Plains Folk

Great River


The Great River of the Great Plains is the Missouri. No other stream carries so much history or so much silt down its channel. It is the river of Lewis & Clark, and before them, great native civilizations who farmed and thrived on its benches. It remains celebrated today in song and in endless television fishing shows, all with the simple plotline, There’s a nice walleye, there’s another one, oh there’s another one. . . .

The Missouri is a river, too, of controversy. Whereas a mighty river might be expected to be a unifying force throughout its valley, the Missouri is the focus of unending dispute. Downstream states want, first, effective flood control, and second, dependable navigation. Upstream states want water retained for irrigation, municipal use, and of course, all those walleyes.

And it is a river of tragedy, much of it emanating from the execution of the Pick-Sloan Plan for big dams and multi-purpose river control. Enacted into law by Congress in 1944, Pick-Sloan was a marriage of convenience between the Bureau of Reclamation, which was mostly concerned with irrigation, and the US Army Corps of Engineers, which was mostly concerned with flood control and navigation.

Years ago I learned one tragic story of Pick-Sloan origin from the work of a master’s student of mine, Jim Genandt, who wrote the history of the Tuttle Puddle, a.k.a. Tuttle Creek Dam & Reservoir, on the Blue River, a tributary of the Missouri, near Manhattan, Kansas. The farmers of the Blue River Valley were so outraged about the inundation of their lands that they generated the only known protest song of the Pick-Sloan project, a song called “The Damming of the Blue.” I was the one, though, who figured out that the angry song was meant to be sung to the tune of “The Wabash Cannonball,” which, not coincidentally, is one of the spirit songs of the Kansas State University Wildcats.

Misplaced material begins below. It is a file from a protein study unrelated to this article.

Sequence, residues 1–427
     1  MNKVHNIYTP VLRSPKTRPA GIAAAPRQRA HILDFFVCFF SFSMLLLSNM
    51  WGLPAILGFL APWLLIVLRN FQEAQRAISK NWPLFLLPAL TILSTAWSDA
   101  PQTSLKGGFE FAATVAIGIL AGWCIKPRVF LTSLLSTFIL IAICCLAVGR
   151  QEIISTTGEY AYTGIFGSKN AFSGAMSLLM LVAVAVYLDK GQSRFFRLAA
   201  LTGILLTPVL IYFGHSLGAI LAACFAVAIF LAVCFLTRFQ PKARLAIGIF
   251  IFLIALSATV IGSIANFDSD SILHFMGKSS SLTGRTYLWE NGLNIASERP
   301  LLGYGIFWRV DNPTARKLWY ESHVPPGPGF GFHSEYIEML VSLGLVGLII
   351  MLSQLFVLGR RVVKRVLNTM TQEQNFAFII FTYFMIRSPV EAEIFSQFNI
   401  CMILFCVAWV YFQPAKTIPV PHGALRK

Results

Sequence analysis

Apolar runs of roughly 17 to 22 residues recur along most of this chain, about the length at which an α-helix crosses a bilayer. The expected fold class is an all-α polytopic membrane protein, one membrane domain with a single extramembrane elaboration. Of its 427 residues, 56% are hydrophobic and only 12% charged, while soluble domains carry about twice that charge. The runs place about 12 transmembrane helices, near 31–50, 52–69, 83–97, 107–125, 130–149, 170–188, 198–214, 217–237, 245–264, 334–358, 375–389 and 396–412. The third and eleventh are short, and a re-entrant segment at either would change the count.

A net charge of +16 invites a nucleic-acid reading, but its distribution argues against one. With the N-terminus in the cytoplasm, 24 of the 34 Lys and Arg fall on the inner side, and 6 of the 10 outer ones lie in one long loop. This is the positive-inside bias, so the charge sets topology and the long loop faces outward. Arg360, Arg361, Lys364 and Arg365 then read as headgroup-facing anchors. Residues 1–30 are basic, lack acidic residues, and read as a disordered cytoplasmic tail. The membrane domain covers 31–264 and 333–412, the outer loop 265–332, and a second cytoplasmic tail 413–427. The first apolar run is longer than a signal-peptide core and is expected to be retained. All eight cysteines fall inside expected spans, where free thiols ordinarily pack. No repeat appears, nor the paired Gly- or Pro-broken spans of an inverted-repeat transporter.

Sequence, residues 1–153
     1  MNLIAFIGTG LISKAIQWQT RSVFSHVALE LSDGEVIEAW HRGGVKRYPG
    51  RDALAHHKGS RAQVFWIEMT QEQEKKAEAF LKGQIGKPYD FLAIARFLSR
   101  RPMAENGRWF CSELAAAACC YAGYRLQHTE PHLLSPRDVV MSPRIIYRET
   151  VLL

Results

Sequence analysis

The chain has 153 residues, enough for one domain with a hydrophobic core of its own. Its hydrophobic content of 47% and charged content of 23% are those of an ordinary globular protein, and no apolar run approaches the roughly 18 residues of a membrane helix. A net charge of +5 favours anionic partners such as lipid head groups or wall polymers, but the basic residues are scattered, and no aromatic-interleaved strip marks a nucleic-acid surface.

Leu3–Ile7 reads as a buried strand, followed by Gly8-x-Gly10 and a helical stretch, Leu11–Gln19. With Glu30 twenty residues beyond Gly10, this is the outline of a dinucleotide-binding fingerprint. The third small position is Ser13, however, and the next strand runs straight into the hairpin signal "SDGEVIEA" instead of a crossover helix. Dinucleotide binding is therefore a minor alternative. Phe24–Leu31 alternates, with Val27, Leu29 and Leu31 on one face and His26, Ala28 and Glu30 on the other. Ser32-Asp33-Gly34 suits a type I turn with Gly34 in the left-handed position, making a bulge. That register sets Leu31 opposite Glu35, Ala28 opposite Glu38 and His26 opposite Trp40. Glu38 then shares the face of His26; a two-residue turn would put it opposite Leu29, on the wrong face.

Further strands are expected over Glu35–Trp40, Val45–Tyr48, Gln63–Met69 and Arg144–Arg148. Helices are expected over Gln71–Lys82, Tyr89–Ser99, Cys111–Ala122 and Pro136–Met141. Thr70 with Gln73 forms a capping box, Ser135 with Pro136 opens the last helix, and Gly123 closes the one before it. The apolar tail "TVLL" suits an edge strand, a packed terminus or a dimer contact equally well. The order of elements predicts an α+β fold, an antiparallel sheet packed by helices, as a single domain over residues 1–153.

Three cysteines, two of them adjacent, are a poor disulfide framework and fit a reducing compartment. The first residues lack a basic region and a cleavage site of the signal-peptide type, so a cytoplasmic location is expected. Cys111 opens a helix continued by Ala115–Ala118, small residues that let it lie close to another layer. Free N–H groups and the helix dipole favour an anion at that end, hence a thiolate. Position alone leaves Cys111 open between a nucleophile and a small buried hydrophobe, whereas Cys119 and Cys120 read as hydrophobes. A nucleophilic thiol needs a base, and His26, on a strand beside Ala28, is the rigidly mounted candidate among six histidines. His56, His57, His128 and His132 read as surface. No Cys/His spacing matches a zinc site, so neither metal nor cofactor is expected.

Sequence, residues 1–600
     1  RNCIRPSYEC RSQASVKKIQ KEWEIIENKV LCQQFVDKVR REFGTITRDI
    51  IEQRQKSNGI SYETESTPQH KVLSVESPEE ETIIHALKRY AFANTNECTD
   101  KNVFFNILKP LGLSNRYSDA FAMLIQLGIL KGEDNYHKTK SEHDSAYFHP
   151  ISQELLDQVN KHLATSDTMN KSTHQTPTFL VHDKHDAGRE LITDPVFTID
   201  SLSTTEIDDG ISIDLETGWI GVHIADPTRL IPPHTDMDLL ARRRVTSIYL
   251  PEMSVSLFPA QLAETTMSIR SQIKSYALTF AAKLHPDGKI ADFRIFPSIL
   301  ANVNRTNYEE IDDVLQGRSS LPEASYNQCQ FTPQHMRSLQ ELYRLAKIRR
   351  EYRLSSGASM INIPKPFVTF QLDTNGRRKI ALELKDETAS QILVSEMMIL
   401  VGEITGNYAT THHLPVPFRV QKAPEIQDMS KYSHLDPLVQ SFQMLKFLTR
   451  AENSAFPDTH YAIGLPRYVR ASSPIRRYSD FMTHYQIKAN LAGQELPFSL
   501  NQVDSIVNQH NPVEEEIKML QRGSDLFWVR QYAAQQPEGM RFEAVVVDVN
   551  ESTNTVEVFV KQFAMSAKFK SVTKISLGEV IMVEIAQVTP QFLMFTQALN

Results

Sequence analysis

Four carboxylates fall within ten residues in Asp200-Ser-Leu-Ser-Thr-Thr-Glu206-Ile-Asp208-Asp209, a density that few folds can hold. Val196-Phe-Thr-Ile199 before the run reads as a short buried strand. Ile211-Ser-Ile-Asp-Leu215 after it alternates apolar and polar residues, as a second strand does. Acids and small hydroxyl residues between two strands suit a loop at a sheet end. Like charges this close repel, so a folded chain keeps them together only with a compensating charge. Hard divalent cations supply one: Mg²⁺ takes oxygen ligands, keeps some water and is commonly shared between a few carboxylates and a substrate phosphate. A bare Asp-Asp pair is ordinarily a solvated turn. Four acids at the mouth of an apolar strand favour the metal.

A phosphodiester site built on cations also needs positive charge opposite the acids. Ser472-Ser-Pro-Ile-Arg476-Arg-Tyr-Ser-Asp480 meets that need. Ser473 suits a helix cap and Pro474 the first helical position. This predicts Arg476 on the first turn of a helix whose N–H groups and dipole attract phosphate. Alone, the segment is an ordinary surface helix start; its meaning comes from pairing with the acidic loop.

The greatest tragedy, however, lay in store for the Indian peoples who lived alongside the great river. They had been settled by federal officials on reservations in the late 19th century and had rooted in these places of forced resort–only to find themselves redlined in the plans of the Corps of Engineers and uprooted by the aggressive General Pick. Pick and the Corps in several cases proceeded illegally to take land from the tribes by eminent domain, without congressional consent.

The story of the tragedy of the Three Tribes of Fort Berthold, North Dakota–not only their loss of lands, but also the destruction of their homes and towns–was told by Professor Roy Meyer in the state historical journal. The equally sad story of the Standing Rock, Cheyenne River, Lower Brule, Crow Creek, Rosebud, Yankton, and Santee reservations also attracted a capable historian, Michael L. Lawson. His 1982 book, Dammed Indians, is a classic of Great Plains historical research.

Now the South Dakota State Historical Society has brought out an expanded and updated edition of Lawson’s work under the title, Dammed Indians Revisited. In retrospect it becomes clear that the Corps of Engineers was able to run roughshod over native peoples only because at the time, it was federal policy to attempt to terminate Indian tribes and treaties. As for the white farmers who also were swamped by big dam progress–well, it makes you wonder, doesn’t it?

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